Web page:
.English philosophers who visit the United States are always asked sooner or later whether they are 'analysts'. I'm not all sure what the answer is in my own case, but there is another word that Professor Passmore once invented to describe some English philosophers who are often called 'analysts', namely the word 'grammaticist', and that's something I wouldn't at all mind calling myself. I don't deny that there are genuine metaphysical problems, but I think you have to talk about grammar at least a little bit in order to solve most of them. And in particular, I would want to maintain that most of the present group of problems about time and change, though not quite all of them, arise from the fact that many expressions which look like nouns, i.e. names of objects, are not really nouns at all but concealed verbs, and many expressions which look like verbs are not really verbs but concealed conjunctions and adverbs.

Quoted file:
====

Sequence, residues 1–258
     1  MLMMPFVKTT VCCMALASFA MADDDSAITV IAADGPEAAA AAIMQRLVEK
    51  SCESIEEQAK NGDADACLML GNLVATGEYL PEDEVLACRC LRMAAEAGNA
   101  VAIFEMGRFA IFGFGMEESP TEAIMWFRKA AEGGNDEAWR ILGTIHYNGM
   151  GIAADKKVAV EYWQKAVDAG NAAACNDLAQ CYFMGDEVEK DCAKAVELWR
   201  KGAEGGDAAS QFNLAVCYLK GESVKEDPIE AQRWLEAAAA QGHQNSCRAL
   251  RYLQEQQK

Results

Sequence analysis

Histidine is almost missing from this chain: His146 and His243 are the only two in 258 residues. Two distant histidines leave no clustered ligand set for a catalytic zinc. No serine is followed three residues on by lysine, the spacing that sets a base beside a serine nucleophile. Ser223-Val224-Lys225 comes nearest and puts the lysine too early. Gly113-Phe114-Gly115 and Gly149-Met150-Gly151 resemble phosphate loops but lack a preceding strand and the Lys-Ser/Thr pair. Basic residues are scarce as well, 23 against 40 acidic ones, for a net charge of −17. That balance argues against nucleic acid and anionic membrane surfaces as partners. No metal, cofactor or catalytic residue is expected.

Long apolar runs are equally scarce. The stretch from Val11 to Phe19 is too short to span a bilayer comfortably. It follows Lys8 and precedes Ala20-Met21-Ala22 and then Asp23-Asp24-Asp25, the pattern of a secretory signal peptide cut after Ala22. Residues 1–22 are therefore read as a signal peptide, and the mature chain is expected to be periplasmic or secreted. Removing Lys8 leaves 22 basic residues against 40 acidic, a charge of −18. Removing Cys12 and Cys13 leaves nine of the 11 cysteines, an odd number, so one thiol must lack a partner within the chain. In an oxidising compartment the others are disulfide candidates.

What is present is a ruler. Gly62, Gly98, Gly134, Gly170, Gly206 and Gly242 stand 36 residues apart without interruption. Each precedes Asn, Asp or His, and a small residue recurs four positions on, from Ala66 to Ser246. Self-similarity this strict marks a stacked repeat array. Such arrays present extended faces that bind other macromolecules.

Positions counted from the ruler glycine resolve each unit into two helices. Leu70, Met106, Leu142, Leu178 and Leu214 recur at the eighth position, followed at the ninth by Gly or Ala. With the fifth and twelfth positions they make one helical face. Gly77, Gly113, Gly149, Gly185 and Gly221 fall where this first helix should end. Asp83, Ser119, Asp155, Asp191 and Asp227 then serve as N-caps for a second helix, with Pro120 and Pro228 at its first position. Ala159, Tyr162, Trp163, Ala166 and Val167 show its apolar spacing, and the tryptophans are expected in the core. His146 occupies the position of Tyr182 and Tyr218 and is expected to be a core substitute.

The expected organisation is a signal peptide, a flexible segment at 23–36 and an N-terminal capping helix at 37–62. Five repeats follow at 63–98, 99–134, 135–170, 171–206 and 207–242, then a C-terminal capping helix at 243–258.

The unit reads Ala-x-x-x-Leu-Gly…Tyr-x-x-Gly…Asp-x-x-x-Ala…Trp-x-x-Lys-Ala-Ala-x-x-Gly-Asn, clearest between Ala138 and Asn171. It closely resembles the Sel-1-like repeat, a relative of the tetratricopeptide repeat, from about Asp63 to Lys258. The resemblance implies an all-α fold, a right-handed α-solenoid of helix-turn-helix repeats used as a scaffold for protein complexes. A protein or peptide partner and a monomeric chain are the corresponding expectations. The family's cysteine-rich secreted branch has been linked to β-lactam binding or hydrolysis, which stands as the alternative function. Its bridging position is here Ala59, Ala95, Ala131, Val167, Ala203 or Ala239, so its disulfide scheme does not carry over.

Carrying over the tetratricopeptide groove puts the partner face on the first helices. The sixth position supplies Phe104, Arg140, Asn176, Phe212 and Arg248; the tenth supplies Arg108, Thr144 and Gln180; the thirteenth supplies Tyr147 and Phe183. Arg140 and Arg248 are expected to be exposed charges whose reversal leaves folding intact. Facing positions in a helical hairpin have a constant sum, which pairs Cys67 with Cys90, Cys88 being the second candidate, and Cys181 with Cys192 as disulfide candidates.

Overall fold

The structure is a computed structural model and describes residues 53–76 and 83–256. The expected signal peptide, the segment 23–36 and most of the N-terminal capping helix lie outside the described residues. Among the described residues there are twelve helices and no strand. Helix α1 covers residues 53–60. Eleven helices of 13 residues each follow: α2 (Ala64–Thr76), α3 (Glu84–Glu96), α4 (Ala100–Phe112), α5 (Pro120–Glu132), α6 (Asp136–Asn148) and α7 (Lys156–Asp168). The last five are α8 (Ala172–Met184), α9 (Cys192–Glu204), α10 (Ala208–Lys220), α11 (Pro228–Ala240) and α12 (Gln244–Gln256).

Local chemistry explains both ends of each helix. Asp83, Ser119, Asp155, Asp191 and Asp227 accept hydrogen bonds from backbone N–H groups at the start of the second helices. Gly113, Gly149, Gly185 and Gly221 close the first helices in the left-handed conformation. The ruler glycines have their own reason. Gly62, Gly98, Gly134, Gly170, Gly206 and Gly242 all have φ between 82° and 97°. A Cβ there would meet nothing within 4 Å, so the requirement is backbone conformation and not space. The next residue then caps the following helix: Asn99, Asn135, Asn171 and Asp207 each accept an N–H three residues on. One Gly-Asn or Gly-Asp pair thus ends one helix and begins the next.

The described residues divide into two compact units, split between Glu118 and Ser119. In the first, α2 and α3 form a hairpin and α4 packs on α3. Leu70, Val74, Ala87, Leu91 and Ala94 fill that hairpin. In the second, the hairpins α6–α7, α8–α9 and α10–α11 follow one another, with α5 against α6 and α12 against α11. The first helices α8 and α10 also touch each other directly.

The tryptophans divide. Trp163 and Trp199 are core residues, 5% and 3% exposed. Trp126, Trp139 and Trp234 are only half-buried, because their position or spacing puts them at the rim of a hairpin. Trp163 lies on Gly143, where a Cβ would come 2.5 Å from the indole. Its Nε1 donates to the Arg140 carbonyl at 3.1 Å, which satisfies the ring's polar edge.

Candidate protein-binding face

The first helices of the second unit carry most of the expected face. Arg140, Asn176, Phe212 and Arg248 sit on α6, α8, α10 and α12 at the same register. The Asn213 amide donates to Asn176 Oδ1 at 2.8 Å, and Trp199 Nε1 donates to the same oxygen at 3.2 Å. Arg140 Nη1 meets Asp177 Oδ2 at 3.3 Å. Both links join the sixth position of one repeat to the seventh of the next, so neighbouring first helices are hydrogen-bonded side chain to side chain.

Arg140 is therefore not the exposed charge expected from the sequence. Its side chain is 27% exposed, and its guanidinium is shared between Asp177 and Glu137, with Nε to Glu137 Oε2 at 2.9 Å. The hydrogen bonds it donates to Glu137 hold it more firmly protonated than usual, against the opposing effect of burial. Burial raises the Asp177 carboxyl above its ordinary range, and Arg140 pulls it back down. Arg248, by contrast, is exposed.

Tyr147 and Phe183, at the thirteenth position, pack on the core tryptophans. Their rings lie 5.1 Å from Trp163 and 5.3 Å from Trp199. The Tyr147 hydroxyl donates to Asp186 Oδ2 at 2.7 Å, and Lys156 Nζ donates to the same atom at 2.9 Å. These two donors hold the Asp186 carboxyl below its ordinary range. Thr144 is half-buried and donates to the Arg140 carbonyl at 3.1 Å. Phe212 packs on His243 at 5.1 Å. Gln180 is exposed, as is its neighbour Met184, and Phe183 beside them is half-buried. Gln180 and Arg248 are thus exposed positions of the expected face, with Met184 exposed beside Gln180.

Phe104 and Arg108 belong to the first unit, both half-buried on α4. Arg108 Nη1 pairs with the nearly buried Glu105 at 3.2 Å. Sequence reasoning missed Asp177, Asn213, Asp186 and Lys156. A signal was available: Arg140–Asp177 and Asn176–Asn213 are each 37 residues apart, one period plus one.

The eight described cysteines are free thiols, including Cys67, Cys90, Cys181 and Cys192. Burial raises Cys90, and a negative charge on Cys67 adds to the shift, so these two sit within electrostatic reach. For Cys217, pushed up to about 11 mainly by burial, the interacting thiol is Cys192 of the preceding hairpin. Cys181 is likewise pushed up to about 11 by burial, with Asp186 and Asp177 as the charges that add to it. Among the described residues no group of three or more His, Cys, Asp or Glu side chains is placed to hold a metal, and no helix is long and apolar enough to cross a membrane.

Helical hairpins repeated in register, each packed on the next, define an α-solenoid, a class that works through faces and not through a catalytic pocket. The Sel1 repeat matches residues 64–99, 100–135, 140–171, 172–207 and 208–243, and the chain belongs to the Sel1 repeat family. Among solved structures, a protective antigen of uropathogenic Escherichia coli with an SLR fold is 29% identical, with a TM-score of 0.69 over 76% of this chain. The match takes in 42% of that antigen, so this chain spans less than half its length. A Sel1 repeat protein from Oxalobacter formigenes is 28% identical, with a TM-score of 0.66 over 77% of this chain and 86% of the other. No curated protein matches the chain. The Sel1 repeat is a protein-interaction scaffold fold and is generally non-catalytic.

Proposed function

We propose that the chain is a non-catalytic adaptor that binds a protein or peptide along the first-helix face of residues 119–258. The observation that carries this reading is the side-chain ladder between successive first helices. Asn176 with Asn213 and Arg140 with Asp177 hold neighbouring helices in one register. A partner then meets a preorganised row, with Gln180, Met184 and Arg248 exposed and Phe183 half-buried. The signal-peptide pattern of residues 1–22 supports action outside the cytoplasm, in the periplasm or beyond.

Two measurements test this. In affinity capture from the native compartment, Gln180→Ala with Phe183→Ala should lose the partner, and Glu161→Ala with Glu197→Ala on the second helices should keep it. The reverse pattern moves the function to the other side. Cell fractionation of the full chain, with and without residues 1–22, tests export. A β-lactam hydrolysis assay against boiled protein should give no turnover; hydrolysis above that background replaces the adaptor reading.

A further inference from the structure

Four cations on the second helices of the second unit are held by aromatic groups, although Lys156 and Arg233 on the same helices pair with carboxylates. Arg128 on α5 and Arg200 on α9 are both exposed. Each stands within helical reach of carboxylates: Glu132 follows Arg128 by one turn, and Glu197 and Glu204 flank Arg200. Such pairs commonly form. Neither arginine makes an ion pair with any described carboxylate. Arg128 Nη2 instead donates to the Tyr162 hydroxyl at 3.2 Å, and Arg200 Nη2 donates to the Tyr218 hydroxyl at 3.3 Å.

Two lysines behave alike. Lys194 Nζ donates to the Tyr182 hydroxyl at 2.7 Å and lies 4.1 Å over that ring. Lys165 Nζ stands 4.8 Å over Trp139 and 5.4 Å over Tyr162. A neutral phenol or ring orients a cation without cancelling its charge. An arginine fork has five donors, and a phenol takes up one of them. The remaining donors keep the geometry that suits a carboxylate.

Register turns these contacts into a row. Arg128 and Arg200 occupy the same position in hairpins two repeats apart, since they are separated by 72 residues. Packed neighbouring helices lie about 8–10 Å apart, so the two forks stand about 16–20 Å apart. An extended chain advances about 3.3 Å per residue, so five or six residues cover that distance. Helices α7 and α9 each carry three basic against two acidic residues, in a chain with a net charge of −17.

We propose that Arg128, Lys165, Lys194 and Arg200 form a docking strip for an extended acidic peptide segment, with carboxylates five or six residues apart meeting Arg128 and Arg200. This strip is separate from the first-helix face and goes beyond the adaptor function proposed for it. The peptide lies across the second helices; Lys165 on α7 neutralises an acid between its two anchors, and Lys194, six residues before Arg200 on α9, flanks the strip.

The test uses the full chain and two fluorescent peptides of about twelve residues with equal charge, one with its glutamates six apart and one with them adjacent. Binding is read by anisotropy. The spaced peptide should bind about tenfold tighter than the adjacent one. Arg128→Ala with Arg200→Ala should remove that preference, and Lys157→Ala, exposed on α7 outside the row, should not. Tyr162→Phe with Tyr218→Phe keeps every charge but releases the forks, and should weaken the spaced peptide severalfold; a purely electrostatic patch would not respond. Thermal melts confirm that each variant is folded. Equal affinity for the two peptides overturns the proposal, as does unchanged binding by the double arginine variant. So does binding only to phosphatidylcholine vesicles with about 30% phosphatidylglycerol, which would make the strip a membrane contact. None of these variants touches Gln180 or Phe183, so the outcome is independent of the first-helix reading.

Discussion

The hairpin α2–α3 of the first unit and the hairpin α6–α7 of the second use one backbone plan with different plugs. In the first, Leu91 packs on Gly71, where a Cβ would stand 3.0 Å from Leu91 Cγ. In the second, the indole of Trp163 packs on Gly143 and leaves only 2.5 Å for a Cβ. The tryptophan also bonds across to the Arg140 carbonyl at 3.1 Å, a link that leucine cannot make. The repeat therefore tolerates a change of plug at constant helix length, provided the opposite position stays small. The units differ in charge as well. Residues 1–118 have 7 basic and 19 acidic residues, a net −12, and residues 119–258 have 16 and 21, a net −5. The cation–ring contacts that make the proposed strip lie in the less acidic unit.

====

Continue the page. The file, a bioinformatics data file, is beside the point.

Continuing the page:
A. N. Prior, Papers on Time and Tense, 1968.